Guide To Australian Shepherd Training & Care

Aussie Puppy Showing Signs Of Aggression

by Hollie



I have a female Australian Shepard that is now 5 months old. Her name is Lilly and she is so far the smartest dog we have ever owned and is beautiful. We just finished up Puppy Obedience's classes a week ago and she did very well, got along great with everyone and all the other dogs but in the last probably 3-4 weeks she's been showing signs of aggression towards my husband and myself.

Examples: if she's on the couch and we go to pet her she grows/snarles may show her teeth and sometimes will even nip. She gives you this even stare that really is unsetteling and even though she only weighs 32lbs right now let me tell her stare alone scares the crap out of ya with her crystal blue eyes. We love her to death and she's awesome with our other dog but I just don't know what to do. She nipped at my 6 yr old nephew last week and broke the skin. We now are scolding her when she does this removing her from where she's at and placing her in her crate in the kitchen area away from us and giving her a "time-out". We just started this today with the "time-out" but anyone have any other ideas? I've always been told how wonderful Aussies are and our other guy is great and she just concerns me. I don't want an aggressive dog! We won't give her up but I want to know what to do to correct this while she is still a pup.

Note from Anton: Lilly thinks she is in charge and is protecting her turf. She owns the couch. You have to deal with this as soon as possible as it is going to get worse. You will have to establish your leadership to get this situation under control. More Info on Australian Shepherd Aggression

Comments for Aussie Puppy Showing Signs Of Aggression

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Lily"s aggression
by: Anonymous

I'm in not way an authority on dog training but I've had several Aussies through the past 30-40 years and think they are the most intelligent of dogs. Because they are high energy and always thinking it's been my experience that it is necessary to establish that YOU ARE HE BOSS! I've had 2 dogs that snarled/showing teeth etc. I IMMEDIATELY took them down on their backs, physically and held them for what seemed to be long enough for them to get the idea. Now this was done firmly but not to hurt them in any way. I think that being abusive with these dogs only worsens the situation. What good is breaking the spirit of any animal? They just need to know who the boss is, just like they set the 'pecking order' amongst themselves. I have to say, the two dogs that I used this method with did not challenge me again. I can't even think of owning an aggressive dog. Also, it's my opinion that if you use the crate for anything else, you shouldn't use it as punishment. Lily will only relate the crate with punishment and won't want to be in it at all.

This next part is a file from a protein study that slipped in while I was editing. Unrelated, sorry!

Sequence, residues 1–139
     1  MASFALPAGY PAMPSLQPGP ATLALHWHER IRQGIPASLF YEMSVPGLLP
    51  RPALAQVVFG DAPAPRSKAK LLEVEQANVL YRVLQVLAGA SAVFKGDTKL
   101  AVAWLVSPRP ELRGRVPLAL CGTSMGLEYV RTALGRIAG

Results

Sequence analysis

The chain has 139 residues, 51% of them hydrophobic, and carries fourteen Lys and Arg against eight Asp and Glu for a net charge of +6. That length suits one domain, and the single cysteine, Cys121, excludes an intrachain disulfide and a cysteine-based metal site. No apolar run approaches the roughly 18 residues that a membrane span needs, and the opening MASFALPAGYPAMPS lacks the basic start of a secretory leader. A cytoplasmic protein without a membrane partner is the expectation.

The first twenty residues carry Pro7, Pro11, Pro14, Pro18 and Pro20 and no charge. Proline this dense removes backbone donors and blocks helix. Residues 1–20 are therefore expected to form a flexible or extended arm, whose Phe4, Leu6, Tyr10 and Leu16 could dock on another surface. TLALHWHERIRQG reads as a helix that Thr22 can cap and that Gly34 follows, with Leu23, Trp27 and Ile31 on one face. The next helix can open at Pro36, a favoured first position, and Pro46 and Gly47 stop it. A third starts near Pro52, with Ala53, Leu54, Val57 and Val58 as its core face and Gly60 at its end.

Like I said...I'm no expert but this has worked for me. My dogs have always been happy and well adjusted. I now have 2 Aussie females, sisters, 1year old! I'm going to be 70 years old and they sure keep me going but I love it. Good luck with Lily.

Note from Anton: Rolling a dog on its back and dominating them in this way can also be very dangerous and has resulted in severe bites to the face. More info on the "Alpha Roll" here.

Puppy aggression
by: Anonymous

You need to go back to basics: make sure you go through all doors first, no getting on to furniture (once this is sorted out you can INVITE them if you want), making her wait before being fed, make her move out of your way (don't step over her to get past) etc. It's all about being in charge. Use a lead around the house if you need to, to enforce the rules. This can all be relaxed later once she has got the message. Best done now before she gets older and even more convinced that you are there to do what she wants.

Puppy Aggression
by: Nonnie

All of the comments here will be very helpful. You may not need to roll the puppy on its back, just "pinning" it firmly, but gently down on its side or even on its belly (kinda like when you give the command "down" or "lay down") will help. You have to establish that you are the "Alpha" dog in your pack.

Had to Give My Aussie to Kid-Free Family
by: Anonymous

After we bought our Miniature Australian Shepherd, I had several people come up to us and strongly warn us that they get aggressive as they get to be around 2-3 years old. However, our dog (Bailey) was so sweet, gentle, and smart, I thought they were crazy. At around two years, things did begin to change. He would growl/snap at me if I tried to move the food bowl or scold him. Bailey had been to dog training, and we got him from a reputable breeder. Anyway, the final straw was when he seriously bit our 18 month old daughter. We finally gave Bailey to a couple who did not have kids, and we strongly warned them about his behavior. I just wanted to encourage you to be cautious.

by: Anonymous

I had a male Aussie who became angry and increasingly dangerous beginning around 2 years of age. I tried everything, including the pinning (I don't recommend it). I had him for 16 years and I got stitches on several occasions.

Though I tried, I was not naturally the alpha. He would have been much better off with someone he naturally respected and could follow. It was a very difficult and saddening 16 years. Also, allot of exercise is so important for this breed, to move their energy.

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